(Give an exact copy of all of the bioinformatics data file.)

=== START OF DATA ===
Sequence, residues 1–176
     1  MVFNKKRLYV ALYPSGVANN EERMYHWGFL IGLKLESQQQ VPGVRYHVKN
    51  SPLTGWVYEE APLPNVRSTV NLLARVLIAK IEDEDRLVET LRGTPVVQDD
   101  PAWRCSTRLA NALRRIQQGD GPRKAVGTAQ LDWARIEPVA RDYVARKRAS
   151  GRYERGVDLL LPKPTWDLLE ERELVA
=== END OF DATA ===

Sequence, residues 1–176
     1  MVFNKKRLYV ALYPSGVANN EERMYHWGFL IGLKLESQQQ VPGVRYHVKN
    51  SPLTGWVYEE APLPNVRSTV NLLARVLIAK IEDEDRLVET LRGTPVVQDD
   101  PAWRCSTRLA NALRRIQQGD GPRKAVGTAQ LDWARIEPVA RDYVARKRAS
   151  GRYERGVDLL LPKPTWDLLE ERELVA